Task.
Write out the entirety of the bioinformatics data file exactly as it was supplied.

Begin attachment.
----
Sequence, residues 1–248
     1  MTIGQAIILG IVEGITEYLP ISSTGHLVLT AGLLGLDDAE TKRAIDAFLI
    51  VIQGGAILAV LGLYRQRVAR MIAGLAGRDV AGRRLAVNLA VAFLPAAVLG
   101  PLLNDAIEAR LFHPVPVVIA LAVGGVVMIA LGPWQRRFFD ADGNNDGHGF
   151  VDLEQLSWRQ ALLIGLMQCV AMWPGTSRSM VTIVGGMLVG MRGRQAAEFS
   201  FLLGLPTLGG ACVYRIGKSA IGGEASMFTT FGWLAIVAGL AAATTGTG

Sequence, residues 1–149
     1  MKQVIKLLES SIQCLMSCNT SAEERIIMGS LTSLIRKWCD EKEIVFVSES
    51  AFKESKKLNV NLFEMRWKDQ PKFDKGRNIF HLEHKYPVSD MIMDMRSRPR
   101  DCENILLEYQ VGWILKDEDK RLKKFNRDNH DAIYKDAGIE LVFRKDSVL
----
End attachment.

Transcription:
Sequence, residues 1–248
     1  MTIGQAIILG IVEGITEYLP ISSTGHLVLT AGLLGLDDAE TKRAIDAFLI
    51  VIQGGAILAV LGLYRQRVAR MIAGLAGRDV AGRRLAVNLA VAFLPAAVLG
   101  PLLNDAIEAR LFHPVPVVIA LAVGGVVMIA LGPWQRRFFD ADGNNDGHGF
   151  VDLEQLSWRQ ALLIGLMQCV AMWPGTSRSM VTIVGGMLVG MRGRQAAEFS
   201  FLLGLPTLGG ACVYRIGKSA IGGEASMFTT FGWLAIVAGL AAATTGTG

Sequence, residues 1–149
     1  MKQVIKLLES SIQCLMSCNT SAEERIIMGS LTSLIRKWCD EKEIVFVSES
    51  AFKESKKLNV NLFEMRWKDQ PKFDKGRNIF HLEHKYPVSD MIMDMRSRPR
   101  DCENILLEYQ VGWILKDEDK RLKKFNRDNH DAIYKDAGIE LVFRKDSVL